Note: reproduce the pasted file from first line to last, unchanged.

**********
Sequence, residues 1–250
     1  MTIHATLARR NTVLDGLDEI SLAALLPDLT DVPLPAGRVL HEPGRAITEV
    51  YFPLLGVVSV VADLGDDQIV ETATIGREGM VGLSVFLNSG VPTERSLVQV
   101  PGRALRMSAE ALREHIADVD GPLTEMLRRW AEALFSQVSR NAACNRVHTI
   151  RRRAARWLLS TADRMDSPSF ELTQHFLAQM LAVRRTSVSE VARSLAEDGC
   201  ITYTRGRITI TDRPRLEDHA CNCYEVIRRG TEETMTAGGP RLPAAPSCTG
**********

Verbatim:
Sequence, residues 1–250
     1  MTIHATLARR NTVLDGLDEI SLAALLPDLT DVPLPAGRVL HEPGRAITEV
    51  YFPLLGVVSV VADLGDDQIV ETATIGREGM VGLSVFLNSG VPTERSLVQV
   101  PGRALRMSAE ALREHIADVD GPLTEMLRRW AEALFSQVSR NAACNRVHTI
   151  RRRAARWLLS TADRMDSPSF ELTQHFLAQM LAVRRTSVSE VARSLAEDGC
   201  ITYTRGRITI TDRPRLEDHA CNCYEVIRRG TEETMTAGGP RLPAAPSCTG